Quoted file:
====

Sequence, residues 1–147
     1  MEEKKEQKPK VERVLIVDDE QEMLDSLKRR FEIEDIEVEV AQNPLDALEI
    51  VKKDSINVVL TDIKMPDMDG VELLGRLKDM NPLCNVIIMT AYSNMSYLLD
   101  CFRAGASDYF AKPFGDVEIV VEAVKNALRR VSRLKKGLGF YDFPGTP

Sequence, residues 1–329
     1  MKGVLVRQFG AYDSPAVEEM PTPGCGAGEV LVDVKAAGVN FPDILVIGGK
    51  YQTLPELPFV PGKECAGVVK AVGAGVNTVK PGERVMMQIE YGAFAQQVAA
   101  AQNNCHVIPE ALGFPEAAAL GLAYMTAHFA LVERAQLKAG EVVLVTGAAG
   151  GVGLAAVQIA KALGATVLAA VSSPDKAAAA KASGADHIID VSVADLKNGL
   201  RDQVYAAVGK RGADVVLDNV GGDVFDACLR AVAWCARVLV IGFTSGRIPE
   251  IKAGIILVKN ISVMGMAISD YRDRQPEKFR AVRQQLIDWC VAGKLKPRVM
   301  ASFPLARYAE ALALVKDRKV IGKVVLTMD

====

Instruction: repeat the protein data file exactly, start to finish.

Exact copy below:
Sequence, residues 1–147
     1  MEEKKEQKPK VERVLIVDDE QEMLDSLKRR FEIEDIEVEV AQNPLDALEI
    51  VKKDSINVVL TDIKMPDMDG VELLGRLKDM NPLCNVIIMT AYSNMSYLLD
   101  CFRAGASDYF AKPFGDVEIV VEAVKNALRR VSRLKKGLGF YDFPGTP

Sequence, residues 1–329
     1  MKGVLVRQFG AYDSPAVEEM PTPGCGAGEV LVDVKAAGVN FPDILVIGGK
    51  YQTLPELPFV PGKECAGVVK AVGAGVNTVK PGERVMMQIE YGAFAQQVAA
   101  AQNNCHVIPE ALGFPEAAAL GLAYMTAHFA LVERAQLKAG EVVLVTGAAG
   151  GVGLAAVQIA KALGATVLAA VSSPDKAAAA KASGADHIID VSVADLKNGL
   201  RDQVYAAVGK RGADVVLDNV GGDVFDACLR AVAWCARVLV IGFTSGRIPE
   251  IKAGIILVKN ISVMGMAISD YRDRQPEKFR AVRQQLIDWC VAGKLKPRVM
   301  ASFPLARYAE ALALVKDRKV IGKVVLTMD